The Coronavirus Job Retention Scheme, more colloquially known as furlough, is over. First introduced by Chancellor Rishi Sunak in March 2020 — but not before, according to U.K. Hospitality estimates, the restaurant sector laid off nearly quarter of a million workers — the scheme in which the government paid 80, then 70 , then 60 percent of people’s wages was initially envisaged as lasting until May 2020. Then it got extended to June 2020. And now, 15 months later, after supporting around nine million workers at its peak, it is finished. And while the number of hospitality workers protected by the scheme dropped precipitously through spring and summer 2021, there were still around 260,000 at the end of July.
Hospitality workers persistently made up some of the highest proportions of staff on furlough and jobs lost throughout 2020 and early 2021, but owing to its exclusion of tips and tronc from its wage calculations, they were simultaneously some of the most and least supported employees.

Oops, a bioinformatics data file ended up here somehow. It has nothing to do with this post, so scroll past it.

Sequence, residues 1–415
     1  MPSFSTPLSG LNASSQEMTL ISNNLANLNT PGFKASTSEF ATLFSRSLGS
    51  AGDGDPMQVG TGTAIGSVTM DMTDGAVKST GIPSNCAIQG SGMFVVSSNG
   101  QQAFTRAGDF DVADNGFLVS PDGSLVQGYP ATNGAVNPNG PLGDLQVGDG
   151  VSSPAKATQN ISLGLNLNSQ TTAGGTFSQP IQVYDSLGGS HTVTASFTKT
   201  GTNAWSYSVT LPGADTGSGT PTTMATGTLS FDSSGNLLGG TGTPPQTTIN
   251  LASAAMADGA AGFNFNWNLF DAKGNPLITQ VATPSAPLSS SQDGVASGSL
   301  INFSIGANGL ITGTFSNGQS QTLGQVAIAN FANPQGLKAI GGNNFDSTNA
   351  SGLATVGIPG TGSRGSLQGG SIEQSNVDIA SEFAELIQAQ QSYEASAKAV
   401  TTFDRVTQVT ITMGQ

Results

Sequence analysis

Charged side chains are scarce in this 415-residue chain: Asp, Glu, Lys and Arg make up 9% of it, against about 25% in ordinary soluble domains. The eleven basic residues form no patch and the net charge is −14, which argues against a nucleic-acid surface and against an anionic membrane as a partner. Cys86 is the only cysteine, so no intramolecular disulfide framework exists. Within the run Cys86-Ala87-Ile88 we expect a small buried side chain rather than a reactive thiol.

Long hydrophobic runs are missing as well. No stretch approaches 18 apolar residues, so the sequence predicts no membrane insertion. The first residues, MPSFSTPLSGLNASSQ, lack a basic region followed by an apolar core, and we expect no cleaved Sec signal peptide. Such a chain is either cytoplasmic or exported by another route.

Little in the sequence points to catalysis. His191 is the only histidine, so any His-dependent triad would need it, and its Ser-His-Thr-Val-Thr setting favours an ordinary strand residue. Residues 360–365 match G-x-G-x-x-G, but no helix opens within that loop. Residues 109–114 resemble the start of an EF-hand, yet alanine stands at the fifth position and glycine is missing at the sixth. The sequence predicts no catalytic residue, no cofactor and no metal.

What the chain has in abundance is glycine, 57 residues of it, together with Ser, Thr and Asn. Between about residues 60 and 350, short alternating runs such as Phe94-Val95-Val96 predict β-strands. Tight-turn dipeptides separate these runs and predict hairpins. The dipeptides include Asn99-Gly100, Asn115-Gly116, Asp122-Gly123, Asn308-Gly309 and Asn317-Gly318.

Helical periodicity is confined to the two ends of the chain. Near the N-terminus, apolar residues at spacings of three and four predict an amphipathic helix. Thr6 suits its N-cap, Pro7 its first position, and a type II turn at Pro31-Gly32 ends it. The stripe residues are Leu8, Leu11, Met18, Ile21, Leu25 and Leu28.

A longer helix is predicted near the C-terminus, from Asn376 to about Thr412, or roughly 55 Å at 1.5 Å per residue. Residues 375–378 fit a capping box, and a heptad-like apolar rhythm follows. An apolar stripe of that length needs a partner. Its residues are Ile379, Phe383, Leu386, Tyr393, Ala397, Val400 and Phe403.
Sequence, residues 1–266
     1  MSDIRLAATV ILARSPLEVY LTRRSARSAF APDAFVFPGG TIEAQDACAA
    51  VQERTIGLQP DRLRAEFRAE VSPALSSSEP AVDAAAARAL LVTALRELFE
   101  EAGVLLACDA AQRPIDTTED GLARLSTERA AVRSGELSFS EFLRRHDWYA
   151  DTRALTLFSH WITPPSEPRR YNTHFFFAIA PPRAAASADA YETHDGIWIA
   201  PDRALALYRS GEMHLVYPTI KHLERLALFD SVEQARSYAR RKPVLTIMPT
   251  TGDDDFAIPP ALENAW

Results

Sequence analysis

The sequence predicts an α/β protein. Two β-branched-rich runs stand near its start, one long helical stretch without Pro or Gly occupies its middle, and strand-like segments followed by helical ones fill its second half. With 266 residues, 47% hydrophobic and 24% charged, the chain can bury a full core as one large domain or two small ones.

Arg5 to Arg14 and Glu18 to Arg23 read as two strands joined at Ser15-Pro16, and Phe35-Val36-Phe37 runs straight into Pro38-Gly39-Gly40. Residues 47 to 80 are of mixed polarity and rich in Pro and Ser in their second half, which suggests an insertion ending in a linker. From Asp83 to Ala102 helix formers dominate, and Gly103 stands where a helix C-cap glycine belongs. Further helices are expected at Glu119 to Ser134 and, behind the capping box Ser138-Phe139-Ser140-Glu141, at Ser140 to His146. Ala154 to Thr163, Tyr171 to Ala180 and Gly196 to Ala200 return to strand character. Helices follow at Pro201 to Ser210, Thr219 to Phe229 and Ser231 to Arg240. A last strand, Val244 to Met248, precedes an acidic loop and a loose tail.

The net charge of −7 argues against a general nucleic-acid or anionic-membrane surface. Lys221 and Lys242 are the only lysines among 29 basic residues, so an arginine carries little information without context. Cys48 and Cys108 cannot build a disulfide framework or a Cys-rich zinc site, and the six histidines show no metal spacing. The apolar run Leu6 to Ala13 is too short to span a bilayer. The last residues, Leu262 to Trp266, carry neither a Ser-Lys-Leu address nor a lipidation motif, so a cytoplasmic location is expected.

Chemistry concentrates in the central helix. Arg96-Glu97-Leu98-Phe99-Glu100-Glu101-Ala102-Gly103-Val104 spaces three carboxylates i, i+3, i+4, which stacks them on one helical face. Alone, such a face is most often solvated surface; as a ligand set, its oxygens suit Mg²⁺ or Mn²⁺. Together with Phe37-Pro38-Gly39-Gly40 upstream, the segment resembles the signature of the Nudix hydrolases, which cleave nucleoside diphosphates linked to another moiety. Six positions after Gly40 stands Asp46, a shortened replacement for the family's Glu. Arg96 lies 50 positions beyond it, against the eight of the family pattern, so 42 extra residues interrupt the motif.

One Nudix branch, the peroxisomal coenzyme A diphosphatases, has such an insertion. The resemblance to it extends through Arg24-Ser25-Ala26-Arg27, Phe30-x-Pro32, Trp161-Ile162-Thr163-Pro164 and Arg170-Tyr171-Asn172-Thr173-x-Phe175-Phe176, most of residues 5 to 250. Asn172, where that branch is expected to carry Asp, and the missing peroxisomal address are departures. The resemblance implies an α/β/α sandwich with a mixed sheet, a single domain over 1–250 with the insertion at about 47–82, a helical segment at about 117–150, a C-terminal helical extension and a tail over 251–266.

But perhaps what most accurately presaged the current situation was the news that of those made redundant, only 33 percent were able to find new roles. Then, that huge job deficit was due to lockdowns; now, it’s the fault of Brexit. While lifting the furlough scheme may be intended to feel something like normal, in the restaurant world, it’s anything but.
Din Tai Fung’s elegant xiao long bao have a new central London home
It’s ......... Selfridges.
The king of suya in London has his third castle
Alhaji Suya will open a new restaurant off Walworth Road. Ready the yaji.
Outdoor dining looked at the temperature plummet and said: Whatever
Several central London streets will persist with alfresco tables through autumn and winter in Westminster and Covent Garden. [Independent]
Sorry, the biscuits are impeccable, but the rocking horse made out of them broke
Would Great British Bake Off please just let people bake?